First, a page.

Demands by dominant castes for reservations put a question mark on the status and efficiency of the reservations that were initially instituted only for the two of the most excluded and backward sections of the Indian society – the tribals and the dalits, the castes that figure at the bottom of the social pyramid. Together, these two communities constitute about 31 pc of the country’s population and both segments have been exploited for centuries.
However, when the reservations were granted, soon after the Indian independence, the system was meant to last only for 10 years and their protection was reinforced with numerous laws protecting the two communities from exploitation and abuse.
However, centuries of exploitation could not be overcome in merely a decade of quotas, especially when large parts of the two communities were unable to benefit from these measures and the exploitation has continued in many villages. Dalits are even today made to live in separate colonies, away from other communities, and being denied access to temples and village wells. Hence, the Indian Parliament has been extending the reservation, with the last extension granted in 2009.
Door to OBC quota
However, in a cruel twist, in late 1980s, and in face of a massive social unrest, the government decided to extend reservations to another set of communities – called Other Backward Communities (OBCs) and granted them their own quotas. It was this move that opened the Pandora’s box, leading to demands from all the other communities, including Jats and Marathas – to seek their own set of reservations and be classified as OBCs.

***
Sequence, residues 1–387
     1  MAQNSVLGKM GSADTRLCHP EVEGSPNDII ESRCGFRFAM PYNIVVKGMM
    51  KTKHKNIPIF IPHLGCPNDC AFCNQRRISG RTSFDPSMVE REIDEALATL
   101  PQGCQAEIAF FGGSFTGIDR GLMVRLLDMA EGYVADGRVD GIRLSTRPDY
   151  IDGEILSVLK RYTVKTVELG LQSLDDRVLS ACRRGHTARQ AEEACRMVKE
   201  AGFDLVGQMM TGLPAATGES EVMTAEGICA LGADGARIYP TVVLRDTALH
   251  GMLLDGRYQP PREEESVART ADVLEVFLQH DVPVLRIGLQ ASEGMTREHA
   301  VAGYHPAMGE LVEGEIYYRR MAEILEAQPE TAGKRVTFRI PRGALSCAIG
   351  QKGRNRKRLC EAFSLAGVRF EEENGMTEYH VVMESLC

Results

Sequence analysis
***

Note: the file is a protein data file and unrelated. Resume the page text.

Left to their own devices, politicians would have surrendered to them, too, and granted reservations. Many of them tried granting quotas to these communities as well. But thankfully, the courts intervened and struck down the additional quotas, limiting the total number of reservations – for places in schools or jobs – to 50 pc of the total available.
Demands from even dominant communities across the country, including in the most well-to-do states like Maharashtra, Gujarat and Haryana, speak volumes of the current scenario in the country. Indian economy and education are believed to have grown multifold over the last seven decades. However, the growth clearly has left behind large swathes of the society, with a small minority of rich and well-connected groups creaming the benefits of the development of the country. This is clearly visible from the sharply rising inequality in India, amongst the highest in the world, with 73 pc of the wealth generated last year going to the top one percent of the population.
Jobs – within the government or even in private sector – are rare as are places in good schools, unless you can afford to pay about 100 times the average monthly salary in India as the tuition fees for one year.
Instead of creating additional quotas, the politicians would do well to ensure that the fruits of development are spread across the entire country in an equitable and just manner. So that the communities could then compete and race ahead towards development and not backwards!